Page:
Nearly 100 homes were sold in January, which appears to be a record by a wide margin, according to Bob Hill, the CEO of the Harrisonburg-Rockingham Association of Realtors.
The 97 homes sold in January represented a 32% increase from January 2019’s 65 homes sold, according to local real estate data provided by Hill. The highest sales number other than this January was in 2017, when 69 homes sold in the city and county that month.
January 2020’s figure is more than three times as large as the 33 homes sold in January 2001. According to that same data, the median sales price of a home sold in the city and county jumped about $96,000 over the same period of time.
Even during the last big housing climb, between 2002 and 2005, according to Hill, the highest number of homes sold in January only reached 56 by the first month of 2007. Between 2008 and 2009, the number of homes sold in January dropped from 53 to 39, after the Great Recession. From there, it has been gradually climbing.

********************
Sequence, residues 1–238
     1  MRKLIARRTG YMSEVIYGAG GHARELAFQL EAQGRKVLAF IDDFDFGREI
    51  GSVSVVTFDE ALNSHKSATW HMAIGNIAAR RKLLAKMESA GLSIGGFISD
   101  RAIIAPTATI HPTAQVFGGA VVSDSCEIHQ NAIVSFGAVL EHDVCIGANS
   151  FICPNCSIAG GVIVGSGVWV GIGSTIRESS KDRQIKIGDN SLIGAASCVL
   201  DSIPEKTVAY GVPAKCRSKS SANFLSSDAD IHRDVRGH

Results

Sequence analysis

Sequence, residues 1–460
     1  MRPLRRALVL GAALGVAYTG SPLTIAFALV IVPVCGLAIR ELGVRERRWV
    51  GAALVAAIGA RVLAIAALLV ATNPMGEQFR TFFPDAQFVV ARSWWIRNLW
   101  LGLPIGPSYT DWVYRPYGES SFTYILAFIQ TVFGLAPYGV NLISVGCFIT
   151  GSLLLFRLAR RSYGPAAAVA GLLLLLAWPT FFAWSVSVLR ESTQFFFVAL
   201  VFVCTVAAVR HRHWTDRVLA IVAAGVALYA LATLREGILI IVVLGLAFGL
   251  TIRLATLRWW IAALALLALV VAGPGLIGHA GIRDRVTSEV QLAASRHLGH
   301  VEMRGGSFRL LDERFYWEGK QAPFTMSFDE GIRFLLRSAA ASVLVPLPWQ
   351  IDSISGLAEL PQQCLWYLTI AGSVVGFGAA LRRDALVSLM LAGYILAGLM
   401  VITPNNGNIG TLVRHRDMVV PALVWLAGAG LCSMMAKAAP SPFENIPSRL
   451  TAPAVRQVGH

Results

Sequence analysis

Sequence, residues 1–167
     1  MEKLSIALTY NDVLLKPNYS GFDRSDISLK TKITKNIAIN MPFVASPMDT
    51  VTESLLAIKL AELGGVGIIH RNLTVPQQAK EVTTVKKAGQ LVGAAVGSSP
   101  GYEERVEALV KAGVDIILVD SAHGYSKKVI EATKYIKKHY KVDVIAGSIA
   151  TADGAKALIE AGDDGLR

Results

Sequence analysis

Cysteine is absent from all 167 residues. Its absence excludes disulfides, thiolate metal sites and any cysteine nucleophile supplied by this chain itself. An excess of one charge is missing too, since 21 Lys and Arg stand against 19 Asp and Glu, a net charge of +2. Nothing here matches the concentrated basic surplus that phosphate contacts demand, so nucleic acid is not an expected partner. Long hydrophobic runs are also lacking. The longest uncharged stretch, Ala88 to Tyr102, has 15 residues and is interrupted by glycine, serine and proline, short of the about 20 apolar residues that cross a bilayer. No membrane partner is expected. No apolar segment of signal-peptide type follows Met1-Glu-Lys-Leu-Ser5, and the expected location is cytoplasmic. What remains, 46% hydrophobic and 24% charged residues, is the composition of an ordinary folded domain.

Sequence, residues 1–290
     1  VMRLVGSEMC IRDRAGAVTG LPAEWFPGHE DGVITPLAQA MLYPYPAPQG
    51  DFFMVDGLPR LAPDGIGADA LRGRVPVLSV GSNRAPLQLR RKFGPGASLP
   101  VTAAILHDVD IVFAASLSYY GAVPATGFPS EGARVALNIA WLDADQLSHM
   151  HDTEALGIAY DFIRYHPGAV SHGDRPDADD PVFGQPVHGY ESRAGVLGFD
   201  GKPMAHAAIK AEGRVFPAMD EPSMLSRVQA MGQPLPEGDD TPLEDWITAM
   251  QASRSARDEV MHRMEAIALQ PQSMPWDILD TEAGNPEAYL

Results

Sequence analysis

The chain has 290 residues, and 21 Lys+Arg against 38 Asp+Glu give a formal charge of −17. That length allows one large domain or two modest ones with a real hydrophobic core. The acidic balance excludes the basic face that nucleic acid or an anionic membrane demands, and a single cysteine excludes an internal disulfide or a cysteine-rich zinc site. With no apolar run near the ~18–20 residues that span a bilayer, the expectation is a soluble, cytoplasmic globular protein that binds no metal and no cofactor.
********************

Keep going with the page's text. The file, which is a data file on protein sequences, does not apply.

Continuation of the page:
However, Hill said it is only one month of data so it is too early to call it a trend.
Hill said the large number of sales are from pent-up demand being met by homeowners increasingly deciding to sell their homes to move into larger properties or other areas.
“This may be that breaking of the logjam that people go ahead and say ‘It’s time and if the market is going up, I’m going to jump in now,’” he said.
Home sales tend to slow during winter months and pick up as the temperature rises, Hill said, and he did not think that trend would significantly change.
Jeremy Litwiller, the president of the Harrisonburg-Rockingham Association of Realtors, agreed about pent-up demand playing a role in the month’s sales.
He said despite the national and local housing shortage, low interest rates, the strong economy and consumer optimism continue to contribute to the demand. Incomplete data from February showed another strong month, he said.
Litwiller said he had concerns about the sustainability of the sales as supply continues to decline.
“How many of those months can we string together with the inventory levels going in the exact opposite direction?” he said.
“Unless something breaks loose and something changes, the inventory levels cannot support, in my opinion, those kinds of numbers,” Litwiller said. “I wish they could.”